If you were one of the 36,000+ who entered this years’ London Marathon and crossed the finish line firstly, congratulations!
Secondly, you will no doubt be feeling different to how you were before. The race will have tested your emotional, physical and mental reserves and whether it was your intention or not, you will have learnt many things about your mindset, beliefs and ability that are valuable to you personally and professionally.
There are many parallels to be drawn around training, running in and completing a marathon that those who experience the pregnancy journey and transition to motherhood can relate to. Where I see a big difference is in the thousands of supporters who turn out to cheer the runners on (often in all weathers), the support we give to those planning to race and the respect we give to runners after they’ve reached the finish line.
Prior to returning from maternity leave many women say they feel a lack of confidence in their ability and a sense of having to make up for “lost time” rather than returning to the workplace feeling empowered, capable and courageous. There isn’t a cheering squad to welcome them back and they often don’t get a medal!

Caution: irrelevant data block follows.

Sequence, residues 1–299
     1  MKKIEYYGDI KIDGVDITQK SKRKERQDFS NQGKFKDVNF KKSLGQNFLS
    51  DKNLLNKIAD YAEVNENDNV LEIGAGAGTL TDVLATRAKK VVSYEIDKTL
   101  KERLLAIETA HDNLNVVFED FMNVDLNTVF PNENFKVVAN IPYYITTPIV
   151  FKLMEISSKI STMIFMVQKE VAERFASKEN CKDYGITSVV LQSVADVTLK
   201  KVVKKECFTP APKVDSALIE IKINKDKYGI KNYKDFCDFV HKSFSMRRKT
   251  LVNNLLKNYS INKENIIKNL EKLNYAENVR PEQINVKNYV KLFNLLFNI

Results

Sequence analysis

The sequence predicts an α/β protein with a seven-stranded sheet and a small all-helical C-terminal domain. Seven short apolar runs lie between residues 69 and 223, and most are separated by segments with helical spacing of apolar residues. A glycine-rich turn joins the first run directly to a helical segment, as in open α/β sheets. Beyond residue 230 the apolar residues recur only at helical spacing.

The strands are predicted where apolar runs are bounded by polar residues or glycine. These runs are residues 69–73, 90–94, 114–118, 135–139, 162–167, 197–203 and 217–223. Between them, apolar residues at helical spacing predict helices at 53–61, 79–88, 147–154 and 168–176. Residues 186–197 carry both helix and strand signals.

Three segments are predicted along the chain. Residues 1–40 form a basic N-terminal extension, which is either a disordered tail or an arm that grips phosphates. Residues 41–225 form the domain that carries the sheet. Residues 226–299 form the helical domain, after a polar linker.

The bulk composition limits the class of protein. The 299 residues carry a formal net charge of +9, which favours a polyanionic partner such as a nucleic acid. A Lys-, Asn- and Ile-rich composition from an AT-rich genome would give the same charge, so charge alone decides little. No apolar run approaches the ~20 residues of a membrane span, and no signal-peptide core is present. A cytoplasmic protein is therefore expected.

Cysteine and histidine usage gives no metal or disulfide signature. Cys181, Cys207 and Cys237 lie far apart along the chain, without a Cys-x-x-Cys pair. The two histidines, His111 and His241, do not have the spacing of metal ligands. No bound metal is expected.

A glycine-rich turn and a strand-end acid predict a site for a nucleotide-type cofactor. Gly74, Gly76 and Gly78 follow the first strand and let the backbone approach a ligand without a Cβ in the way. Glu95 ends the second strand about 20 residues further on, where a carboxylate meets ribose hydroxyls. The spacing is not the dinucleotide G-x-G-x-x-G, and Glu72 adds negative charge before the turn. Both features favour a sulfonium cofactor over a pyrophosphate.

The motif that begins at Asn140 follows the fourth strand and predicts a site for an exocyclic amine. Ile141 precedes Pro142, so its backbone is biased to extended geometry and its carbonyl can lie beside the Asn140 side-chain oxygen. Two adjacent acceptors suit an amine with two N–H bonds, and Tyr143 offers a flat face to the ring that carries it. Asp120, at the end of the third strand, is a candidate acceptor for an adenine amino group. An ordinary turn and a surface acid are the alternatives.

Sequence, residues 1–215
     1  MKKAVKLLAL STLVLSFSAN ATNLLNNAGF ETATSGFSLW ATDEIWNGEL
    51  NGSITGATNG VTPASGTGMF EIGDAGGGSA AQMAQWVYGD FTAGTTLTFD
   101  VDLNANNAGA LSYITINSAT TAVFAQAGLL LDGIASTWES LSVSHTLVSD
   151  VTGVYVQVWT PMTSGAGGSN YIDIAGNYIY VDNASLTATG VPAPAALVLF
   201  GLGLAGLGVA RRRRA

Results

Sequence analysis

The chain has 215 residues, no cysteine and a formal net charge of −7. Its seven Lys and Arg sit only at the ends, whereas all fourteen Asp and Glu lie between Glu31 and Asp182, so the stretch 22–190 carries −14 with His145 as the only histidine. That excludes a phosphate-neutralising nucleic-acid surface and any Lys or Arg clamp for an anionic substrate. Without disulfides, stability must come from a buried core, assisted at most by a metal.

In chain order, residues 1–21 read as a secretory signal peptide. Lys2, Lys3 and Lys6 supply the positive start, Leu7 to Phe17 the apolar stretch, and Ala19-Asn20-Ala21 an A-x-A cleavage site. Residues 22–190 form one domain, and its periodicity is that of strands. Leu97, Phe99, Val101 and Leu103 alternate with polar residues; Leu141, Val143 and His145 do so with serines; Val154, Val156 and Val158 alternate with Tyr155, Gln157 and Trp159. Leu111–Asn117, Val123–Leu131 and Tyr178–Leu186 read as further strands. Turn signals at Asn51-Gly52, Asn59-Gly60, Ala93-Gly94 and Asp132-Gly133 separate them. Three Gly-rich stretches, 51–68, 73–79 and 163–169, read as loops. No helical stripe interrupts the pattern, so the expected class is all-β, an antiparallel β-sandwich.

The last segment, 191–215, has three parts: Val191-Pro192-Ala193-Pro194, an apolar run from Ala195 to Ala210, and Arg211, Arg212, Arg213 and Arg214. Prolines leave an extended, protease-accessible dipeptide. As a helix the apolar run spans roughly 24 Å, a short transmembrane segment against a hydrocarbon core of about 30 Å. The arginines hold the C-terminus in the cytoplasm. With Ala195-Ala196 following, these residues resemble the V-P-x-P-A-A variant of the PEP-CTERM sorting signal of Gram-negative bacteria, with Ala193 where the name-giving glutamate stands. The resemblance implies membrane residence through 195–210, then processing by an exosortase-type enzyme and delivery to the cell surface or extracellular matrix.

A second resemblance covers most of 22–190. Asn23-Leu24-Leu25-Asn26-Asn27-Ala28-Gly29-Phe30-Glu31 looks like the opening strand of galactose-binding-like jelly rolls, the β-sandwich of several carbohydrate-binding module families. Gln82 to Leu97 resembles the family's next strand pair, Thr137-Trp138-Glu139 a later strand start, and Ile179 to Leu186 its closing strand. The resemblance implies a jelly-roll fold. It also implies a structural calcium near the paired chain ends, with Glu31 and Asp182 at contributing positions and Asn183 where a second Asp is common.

Here are 3 tips on how to ensure you and others can see the benefits from any marathon experience you undertake.
1. See the value and own it
Unless you value what’s new, others are not going to see or feel the benefits. At an impromptu mini coaching session with a Lawyer who has recently become a mum we reframed the way she was presenting her maternity leave period to be “time-out” from the workplace to “time-invested” gaining a wealth of skills to enhance her legal standing. Once she connected to the huge insights her old self didn’t have access to, she could see she was returning to work with far more value and worth. Feeeel it inside you and others will feel it too.
2. Notice when others are flagging
Any experience you go through is rarely linear. There are moments when you are flying and it can feel relatively easy and fun. Your pace feels good and the sun is shining. In the same way as a new mum or mum-to-be, all may seem wonderful. At other times you turn a corner, the wind comes up, there’s a hill, a long stretch of cobbles and it can seem a painfully hard slog. When you’ve gone through your own journey of highs and lows your empathy radar is tuned in. Turn it on. Notice when others are struggling and offer support. Cheer, clap, give back and notice what a boost it gives you.
3. Stay emotionally connected to the finish line
Apply the same passion and focus that you felt about training and running or having a baby to everything else in your life. Without an emotional connection our actions at work become transactional and no one wins. If this happens in a race, each step will become more painful than the last and you’ll be desperate to stop. Commit to work you feel passionate about and find this before you have a baby so that your desire to return is there. If you are leading or managing a team that includes mums or mums-to-be, stay connected and engaged and apply the tips above.
Lisa Barnwell April 28 2016